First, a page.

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Published on 30.12.16 in Vol 2, No 1 (2016): December

This paper is in the following e-collection/theme issue:

    Poster

    Real-Time Tailoring of Depression Counseling by Conversational Agent

    1Northeastern University, Boston, MA, United States

    2Massachusetts General Hospital, Boston, MA, United States

    Corresponding Author:

    Lazlo Ring

    Northeastern University

    1282 Bolyston Street

    Apt 516

    Boston, MA, 02215

    United States

    Phone: 1 917 783 6965

    Email:


    ABSTRACT

    Background: Depression is the leading cause of disability in the world, with over 350 million people affected worldwide. To address this, many researchers have developed computer-based therapy systems to treat this condition. However, many of these systems have been shown to have significantly worse retention than face-to-face counseling, limiting their effectiveness. We believe this discrepancy is partially due to these systems’ inability to respond to a user’s emotional state in real time.

    Objective: We have developed an affectively aware virtual agent for depression counseling: an animated computer character that responds to users’ affective states in real time during virtual therapy sessions. The virtual agent guides users through a manualized cognitive behavioral therapy (CBT) intervention, while sensing users’ affect from their facial expressions and changes in speech prosody. During this simulated face-to-face conversation, the agent provides real-time tailored responses in response to sensed user affect. The automatically generated responses corresponded to empathic statements that allowed participants to pause the interaction in order to calm and compose themselves and reflective statements that rephrased emotionally sensitive content elicited from participants to emulate empathic listening.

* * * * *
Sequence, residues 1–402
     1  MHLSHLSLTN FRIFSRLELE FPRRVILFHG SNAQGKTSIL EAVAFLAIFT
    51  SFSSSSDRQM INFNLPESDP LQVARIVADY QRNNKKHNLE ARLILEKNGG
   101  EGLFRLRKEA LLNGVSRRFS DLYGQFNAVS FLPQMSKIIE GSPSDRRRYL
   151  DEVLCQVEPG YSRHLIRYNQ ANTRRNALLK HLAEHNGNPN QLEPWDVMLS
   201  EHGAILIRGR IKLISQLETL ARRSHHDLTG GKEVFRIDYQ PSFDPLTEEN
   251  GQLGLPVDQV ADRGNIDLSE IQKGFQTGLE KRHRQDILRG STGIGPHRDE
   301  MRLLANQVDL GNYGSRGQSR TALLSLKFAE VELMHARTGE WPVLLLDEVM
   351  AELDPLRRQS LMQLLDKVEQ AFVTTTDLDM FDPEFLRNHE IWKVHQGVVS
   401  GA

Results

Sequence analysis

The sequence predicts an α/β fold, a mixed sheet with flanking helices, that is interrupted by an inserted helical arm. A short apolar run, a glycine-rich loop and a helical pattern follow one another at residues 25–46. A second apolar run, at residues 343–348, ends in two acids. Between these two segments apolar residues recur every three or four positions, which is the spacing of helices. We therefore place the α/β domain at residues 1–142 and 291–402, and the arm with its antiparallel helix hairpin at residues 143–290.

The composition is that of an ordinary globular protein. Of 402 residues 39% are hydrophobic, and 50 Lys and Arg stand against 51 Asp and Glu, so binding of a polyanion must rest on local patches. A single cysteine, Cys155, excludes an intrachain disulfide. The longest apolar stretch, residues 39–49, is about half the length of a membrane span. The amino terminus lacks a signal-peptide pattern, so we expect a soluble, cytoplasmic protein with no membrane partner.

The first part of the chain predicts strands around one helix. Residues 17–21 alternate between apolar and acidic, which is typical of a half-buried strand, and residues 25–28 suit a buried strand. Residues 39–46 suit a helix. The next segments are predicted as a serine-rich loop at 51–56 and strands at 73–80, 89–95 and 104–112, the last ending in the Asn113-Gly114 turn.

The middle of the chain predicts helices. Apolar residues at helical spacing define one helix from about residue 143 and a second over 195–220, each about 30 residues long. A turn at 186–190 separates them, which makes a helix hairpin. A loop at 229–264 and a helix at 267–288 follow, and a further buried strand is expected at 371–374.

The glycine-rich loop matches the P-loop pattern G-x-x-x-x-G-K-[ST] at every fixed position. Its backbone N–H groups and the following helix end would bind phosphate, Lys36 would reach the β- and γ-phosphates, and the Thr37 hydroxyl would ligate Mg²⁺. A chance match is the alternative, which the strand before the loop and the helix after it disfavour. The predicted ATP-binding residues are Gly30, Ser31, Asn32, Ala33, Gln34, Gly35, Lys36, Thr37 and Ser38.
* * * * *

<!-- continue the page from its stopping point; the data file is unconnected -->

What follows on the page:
Methods: We conducted a quasi-experimental pilot study to assess acceptance of the system by individuals with mild to moderate depression. Ten individuals (5 male, 5 female, aged 18-28) participated in a single 30-minute CBT-based session with the affectively aware virtual agent. We measured depression (Patient Health Questionnaire-9, PHQ-9) and state anxiety before and after the session and self-reported attitudes towards the system on scale measures and via a semi-structured interview.

    Results: Participants scored between 5 and 15 (mean=6.6, SD=2.7) on baseline depression measures (PHQ-9). No significant changes were found in pre-post tests for depression (pre-interaction mean=8.0, SD=4.62, post-interaction mean=6.4, SD=3.13) or anxiety (pre-interaction mean=23.3, SD=6.46, post-interaction mean=21.78, SD=7.61), although both trended towards improvement. Agent ratings were generally neutral across the board, with satisfaction (mean=4.5, SD=1.35), desire to continue using (mean=4.2, SD=1.6), trust (mean=3.9, SD=1.66), and likability (mean=4.4, SD=1.7) scoring around the mid-point. Thematic analysis of the semi-structured interviews indicated that 50% of participants reported that the agent evoked emotional responses in them during the interactions and that 70% of participants felt the agent understood their emotional state. Participants stated that this was caused by the agent presenting them with “information they did not realize” (Patient 5) and that the agent “… understood my emotions because I felt that it gave me the right responses” (Patient 8).

    Conclusions: This study suggest that it is possible for a virtual agent to evoke and respond to a user’s emotional state in real time during counseling sessions. Although we did not design this study to produce significant changes in depressive symptoms due to its size and duration, the majority of users expressed that they felt the agent understood their emotional state and responded appropriately.

    iproc 2016;2(1):e27

    doi:10.2196/iproc.6065

    KEYWORDS


    This poster was presented at the Connected Health Symposium 2016, October 20-21, Boston, MA, United States. The poster is displayed as an image in Figure 1 and as a PDF in Multimedia Appendix 1.

    Figure 1. Poster.
    View this figure

    Multimedia Appendix 1

    Poster.

    PDF File (Adobe PDF File), 10MB

    Edited by T Hale; submitted 01.06.16; peer-reviewed by CHS Scientific Program Committee; accepted 02.08.16; published 30.12.16

    ©Lazlo Ring, Timothy Bickmore, Paola Pedrelli. Originally published in Iproceedings (http://www.iproc.org), 30.12.2016.

    This is an open-access article distributed under the terms of the Creative Commons Attribution License (http://creativecommons.org/licenses/by/2.0/), which permits unrestricted use, distribution, and reproduction in any medium, provided the original work, first published in Iproceedings, is properly cited. The complete bibliographic information, a link to the original publication on http://www.iproc.org/, as well as this copyright and license information must be included.